Remember last week’s video on the French préposition DE? I told you that a preposition was a liaison word that was invariable, this means it has no feminine, no masculine, no singular, no plural, it never changes. That’s one good thing.
Today we’ll only focus on the other French prépositions that is used all the time: À
Prepositions are seen as hard because they are a reminder that languages are original! They are not translations of one another. So you can’t just say À means one thing in English and that’s it. Non. À typically means to, at, or in.
We also learned last week that the preposition DE could change slightly depending on how it was used. Guess what? The same exact logic applies to today’s preposition À. Let me explain this with examples.
I’m going to show you the various meanings of À and what it looks like when it is combined with the definite article. By the way, the definite article in English is THE.
All French definite articles LE, LA, L’, LES mean only THE.
1- Definite article masculine singular = LE
À + LE = AU
Tu veux aller AU cinéma? = do you want to go to the cinema?
Cinéma is masculine singular so the cinema is le cinéma.
Tu veux aller à le cinéma? Since à and le fuse into au the correct question is Tu veux aller AU cinéma?
2- Definite article feminine singular = LA
À + LA = À LA
Je suis À LA banque = I’m at the bank
Banque is feminine singular so the bank is la banque: Je suis à la banque. No contraction here.
3- Definite article singular starting with a vowel = L’
Now remember that when you see L’ you do not know if the word attached to it is masculine or feminine, you just know that it starts with a vowel. Originally L’ was either LE or LA. Both letters E & A are vowels so both are replaced by an apostrophe.
À + L’ = À L’
Ce soir nous dormons À L’hôtel = Tonight we’re sleeping at the hotel
Hôtel starts with a vowel sound – h is not pronounced so we pretend hôtel starts with the vowel o – so the hotel is l’hôtel.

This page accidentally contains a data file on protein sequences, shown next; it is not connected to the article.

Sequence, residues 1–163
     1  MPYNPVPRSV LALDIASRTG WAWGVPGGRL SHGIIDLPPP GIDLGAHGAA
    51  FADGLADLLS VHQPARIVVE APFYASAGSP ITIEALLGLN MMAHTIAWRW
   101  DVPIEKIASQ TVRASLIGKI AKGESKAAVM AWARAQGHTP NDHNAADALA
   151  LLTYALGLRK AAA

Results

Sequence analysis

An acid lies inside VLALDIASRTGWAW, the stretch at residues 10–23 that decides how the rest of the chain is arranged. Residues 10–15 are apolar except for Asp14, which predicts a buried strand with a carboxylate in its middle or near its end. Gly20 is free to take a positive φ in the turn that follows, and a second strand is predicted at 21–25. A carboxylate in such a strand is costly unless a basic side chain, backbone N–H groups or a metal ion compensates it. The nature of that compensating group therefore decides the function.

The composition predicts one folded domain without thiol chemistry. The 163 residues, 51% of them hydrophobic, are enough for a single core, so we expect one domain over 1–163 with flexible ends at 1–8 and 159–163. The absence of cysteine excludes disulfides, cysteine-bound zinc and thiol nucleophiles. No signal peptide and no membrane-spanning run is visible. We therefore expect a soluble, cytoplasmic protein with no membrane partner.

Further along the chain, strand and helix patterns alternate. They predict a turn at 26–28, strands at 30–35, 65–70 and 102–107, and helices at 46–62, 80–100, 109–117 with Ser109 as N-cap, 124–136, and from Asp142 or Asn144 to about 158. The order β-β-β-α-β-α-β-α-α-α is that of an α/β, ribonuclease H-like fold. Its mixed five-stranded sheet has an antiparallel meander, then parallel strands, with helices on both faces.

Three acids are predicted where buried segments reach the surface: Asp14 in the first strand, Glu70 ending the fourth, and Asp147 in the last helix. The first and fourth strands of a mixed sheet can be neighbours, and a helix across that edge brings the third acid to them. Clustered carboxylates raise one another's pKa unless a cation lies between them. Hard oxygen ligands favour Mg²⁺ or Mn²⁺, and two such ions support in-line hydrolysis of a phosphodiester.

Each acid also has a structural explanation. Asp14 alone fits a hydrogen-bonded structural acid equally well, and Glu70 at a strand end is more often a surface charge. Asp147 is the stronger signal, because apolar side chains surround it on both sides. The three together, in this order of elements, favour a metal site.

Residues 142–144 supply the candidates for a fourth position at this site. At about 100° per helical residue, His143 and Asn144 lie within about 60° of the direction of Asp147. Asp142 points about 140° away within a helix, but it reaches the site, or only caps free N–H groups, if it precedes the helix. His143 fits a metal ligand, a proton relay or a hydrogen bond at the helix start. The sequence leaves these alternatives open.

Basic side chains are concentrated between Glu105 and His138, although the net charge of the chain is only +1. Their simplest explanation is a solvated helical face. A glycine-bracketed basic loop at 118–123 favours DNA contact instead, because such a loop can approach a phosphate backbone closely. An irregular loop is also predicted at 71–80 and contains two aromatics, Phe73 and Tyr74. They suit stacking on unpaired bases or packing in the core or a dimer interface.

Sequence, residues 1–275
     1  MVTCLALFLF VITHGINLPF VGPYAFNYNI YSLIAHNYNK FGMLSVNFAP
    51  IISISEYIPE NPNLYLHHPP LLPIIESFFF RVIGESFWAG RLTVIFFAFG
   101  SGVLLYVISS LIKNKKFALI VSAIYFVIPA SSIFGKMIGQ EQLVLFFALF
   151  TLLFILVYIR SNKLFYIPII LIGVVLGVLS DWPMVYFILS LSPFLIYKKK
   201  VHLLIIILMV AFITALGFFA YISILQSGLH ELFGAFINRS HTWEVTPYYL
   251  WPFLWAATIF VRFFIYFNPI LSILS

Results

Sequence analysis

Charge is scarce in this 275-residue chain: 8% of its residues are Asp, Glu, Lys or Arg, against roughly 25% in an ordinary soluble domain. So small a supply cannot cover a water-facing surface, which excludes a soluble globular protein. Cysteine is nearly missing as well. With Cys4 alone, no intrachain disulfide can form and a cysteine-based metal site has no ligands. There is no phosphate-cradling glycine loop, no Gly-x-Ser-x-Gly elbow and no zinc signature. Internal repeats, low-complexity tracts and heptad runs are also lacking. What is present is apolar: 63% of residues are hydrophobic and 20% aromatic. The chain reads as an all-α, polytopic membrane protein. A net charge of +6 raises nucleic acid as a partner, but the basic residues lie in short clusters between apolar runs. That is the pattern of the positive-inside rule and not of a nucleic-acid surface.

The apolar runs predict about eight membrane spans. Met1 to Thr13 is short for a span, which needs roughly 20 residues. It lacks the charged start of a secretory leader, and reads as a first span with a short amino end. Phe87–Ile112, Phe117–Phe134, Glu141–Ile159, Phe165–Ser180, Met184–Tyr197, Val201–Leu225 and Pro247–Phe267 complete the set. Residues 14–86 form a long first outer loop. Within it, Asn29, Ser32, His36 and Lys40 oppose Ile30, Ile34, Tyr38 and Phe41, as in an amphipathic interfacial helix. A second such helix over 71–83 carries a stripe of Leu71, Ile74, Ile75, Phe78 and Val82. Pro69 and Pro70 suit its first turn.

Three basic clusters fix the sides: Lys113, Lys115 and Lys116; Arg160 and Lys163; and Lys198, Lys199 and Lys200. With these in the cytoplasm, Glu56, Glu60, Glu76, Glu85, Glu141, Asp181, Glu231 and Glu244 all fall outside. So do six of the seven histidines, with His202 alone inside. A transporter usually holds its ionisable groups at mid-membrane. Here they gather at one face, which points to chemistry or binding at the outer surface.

The correct sentence is Ce soir nous dormons À L’hôtel. Again, no contraction needed here.
Now you might tell me, so it’s only with masculine, with LE, that it is complicated because we need to remember the contraction resulting in AU?
Non. There’s another one. But it’s the last one, I promise.
4- Definite article plural = LES
À + LES = AUX
J’habite AUX États-Unis = I live in the United States – États-Unis is plural so the problems is les États-Unis which would give you J’habite à les États-Unis and since à and les fuse into aux the correct sentence is J’habite AUX États-Unis.
Did you notice that we covered all the meanings I gave you at the beginning of the video? À can mean to, at, in. Not quite. À can also mean of. Let me show you now.
The sentences we just went through do not mean À will always be used with the definite article. It can be used by itself in sentences like:
Je pense À toi = I think of you
J’habite À Seattle = I live in Seattle
Je vais À Londres = I’m going to London
Le train arrive À 8 heures = the train arrives at 8 o’clock
Does this help? You just need to practice to get used to À. And, as I told you in the previous video about the preposition DE, it all follows a logic. Understanding the logic will help you gain a lot of ease.